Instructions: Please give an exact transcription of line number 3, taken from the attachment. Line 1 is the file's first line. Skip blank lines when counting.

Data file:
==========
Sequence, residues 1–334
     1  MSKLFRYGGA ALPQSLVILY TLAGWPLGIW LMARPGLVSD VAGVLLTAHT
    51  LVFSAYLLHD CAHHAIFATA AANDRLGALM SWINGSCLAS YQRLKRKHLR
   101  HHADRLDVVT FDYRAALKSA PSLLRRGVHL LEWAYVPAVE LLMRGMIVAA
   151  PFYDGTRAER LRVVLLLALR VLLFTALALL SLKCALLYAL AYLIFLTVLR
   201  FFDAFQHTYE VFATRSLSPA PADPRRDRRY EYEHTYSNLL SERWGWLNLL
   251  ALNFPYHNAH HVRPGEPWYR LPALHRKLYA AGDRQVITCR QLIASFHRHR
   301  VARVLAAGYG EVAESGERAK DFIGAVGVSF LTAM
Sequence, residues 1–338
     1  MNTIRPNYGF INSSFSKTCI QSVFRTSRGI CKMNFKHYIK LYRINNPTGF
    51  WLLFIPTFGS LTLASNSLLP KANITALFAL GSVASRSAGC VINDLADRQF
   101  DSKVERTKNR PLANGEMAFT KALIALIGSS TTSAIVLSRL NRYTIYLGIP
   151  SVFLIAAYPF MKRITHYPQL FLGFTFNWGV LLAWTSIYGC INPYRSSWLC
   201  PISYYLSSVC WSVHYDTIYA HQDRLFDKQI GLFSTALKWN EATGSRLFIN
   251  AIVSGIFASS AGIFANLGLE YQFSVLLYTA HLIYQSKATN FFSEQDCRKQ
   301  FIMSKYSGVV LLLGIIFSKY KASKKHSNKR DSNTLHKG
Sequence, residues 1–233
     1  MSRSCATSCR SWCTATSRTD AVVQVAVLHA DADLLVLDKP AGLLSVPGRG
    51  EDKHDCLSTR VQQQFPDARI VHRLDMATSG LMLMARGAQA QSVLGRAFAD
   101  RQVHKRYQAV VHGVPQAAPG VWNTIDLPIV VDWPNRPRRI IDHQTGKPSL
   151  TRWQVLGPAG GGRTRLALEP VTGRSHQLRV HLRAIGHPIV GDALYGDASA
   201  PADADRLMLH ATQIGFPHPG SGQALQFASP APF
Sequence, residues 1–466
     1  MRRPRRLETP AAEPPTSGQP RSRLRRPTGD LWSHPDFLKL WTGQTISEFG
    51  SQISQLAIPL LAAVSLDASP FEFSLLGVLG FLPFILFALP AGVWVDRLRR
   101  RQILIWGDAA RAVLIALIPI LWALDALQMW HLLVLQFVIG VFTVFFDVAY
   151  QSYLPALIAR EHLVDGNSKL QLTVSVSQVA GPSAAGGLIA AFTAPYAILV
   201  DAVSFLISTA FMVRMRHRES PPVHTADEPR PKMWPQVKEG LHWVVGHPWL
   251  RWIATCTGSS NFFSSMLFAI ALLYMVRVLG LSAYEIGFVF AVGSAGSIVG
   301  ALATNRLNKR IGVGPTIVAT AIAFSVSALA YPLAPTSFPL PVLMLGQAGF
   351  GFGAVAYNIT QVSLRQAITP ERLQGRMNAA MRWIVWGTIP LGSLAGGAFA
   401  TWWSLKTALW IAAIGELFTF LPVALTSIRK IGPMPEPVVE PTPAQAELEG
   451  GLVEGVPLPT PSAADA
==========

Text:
    51  LVFSAYLLHD CAHHAIFATA AANDRLGALM SWINGSCLAS YQRLKRKHLR